First fe­male U.S. at­tor­ney gen­eral a po­lar­iz­ing fig­ure

Fa­mously blunt ex-pros­e­cu­tor later made un­suc­cess­ful bid to be­come Florida gover­nor


MIAMI— Janet Reno, the first woman to serve as U.S. at­tor­ney gen­eral and the epi­cen­tre of sev­eral po­lit­i­cal storms dur­ing the Bill Clin­ton ad­min­is­tra­tion, died early Mon­day. She was 78.

Reno died from com­pli­ca­tions of Parkin­son’s dis­ease, her god­daugh- ter Gabrielle D’Alem­berte said. D’Alem­berte said Reno spent her fi­nal days at home in Miami sur­rounded by fam­ily and friends.

Reno, a for­mer Miami pros­e­cu­tor who fa­mously told re­porters, “I don’t do spin,” served nearly eight years as at­tor­ney gen­eral un­der Clin­ton, the long­est stint in a cen­tury.

One of the ad­min­is­tra­tion’s most rec­og­niz­able and po­lar­iz­ing fig­ures, Reno faced crit­i­cism early in her ten­ure for the deadly raid on the Branch Da­vid­ian com­pound at Waco, Texas, where sect leader David Koresh and 80 fol­low­ers per­ished.

She was known for de­lib­er­at­ing slowly, pub­licly and in a typ­i­cally blunt man­ner. Reno fre­quently told the pub­lic “the buck stops with me,” bor­row­ing the mantra from pres­i­dent Harry S. Tru­man.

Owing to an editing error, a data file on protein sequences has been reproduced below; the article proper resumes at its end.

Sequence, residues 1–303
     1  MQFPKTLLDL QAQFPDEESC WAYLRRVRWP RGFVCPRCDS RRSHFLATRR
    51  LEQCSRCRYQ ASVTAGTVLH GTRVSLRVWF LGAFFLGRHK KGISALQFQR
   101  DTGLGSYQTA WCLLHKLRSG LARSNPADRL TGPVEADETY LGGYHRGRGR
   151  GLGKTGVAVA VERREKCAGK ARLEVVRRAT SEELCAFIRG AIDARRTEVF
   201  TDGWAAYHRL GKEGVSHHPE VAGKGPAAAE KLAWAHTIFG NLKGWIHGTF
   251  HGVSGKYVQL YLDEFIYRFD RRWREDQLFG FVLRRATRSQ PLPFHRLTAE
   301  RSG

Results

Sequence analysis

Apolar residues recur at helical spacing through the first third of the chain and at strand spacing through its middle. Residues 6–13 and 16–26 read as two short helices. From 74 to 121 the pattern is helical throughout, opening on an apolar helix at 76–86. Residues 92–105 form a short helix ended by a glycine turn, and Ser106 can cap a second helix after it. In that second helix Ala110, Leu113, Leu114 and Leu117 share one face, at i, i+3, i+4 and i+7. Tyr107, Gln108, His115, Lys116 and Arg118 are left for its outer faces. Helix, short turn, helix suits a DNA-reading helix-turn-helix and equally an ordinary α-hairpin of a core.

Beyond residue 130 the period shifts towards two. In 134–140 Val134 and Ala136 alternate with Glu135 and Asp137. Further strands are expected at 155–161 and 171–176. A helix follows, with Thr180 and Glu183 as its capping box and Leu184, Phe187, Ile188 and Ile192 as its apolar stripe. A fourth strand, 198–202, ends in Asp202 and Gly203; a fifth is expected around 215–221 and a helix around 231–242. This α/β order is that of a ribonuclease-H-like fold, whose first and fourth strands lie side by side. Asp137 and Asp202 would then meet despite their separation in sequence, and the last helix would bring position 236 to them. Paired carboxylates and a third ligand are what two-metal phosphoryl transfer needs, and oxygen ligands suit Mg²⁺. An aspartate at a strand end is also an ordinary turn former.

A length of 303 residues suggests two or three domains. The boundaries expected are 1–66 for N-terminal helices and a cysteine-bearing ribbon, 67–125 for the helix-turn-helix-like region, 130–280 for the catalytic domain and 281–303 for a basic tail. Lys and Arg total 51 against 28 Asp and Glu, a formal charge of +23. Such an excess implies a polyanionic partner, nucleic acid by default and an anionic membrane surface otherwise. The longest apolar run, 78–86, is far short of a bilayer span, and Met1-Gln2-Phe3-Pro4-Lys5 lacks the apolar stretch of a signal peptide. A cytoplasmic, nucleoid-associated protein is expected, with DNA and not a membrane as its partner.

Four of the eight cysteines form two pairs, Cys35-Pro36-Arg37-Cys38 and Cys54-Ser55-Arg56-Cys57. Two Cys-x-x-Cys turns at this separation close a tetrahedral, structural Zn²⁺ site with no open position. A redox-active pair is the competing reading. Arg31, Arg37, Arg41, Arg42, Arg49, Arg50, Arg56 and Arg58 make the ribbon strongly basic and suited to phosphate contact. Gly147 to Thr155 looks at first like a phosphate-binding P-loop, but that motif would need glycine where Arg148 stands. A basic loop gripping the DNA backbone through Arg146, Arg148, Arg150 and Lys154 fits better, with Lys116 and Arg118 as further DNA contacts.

Af­ter leav­ing Wash­ing­ton, Reno re­turned to Florida and made an un­suc­cess­ful run for gover­nor in 2002.

Af­ter re­tir­ing from pol­i­tics, Reno, who never mar­ried, served on the boards or as an ad­viser to sev­eral or­ga­ni­za­tions.

Asked to de­scribe her legacy af­ter end­ing her gubernatorial cam­paign, Reno quoted Ge­orge Wash­ing­ton:

“If I were to write all that down I might be re­duced to tears. I would pre­fer to drift on down the stream of life and let his­tory make the judg­ment.”

Janet Reno served nearly eight years in Pres­i­dent Bill Clin­ton’s ad­min­is­tra­tion.

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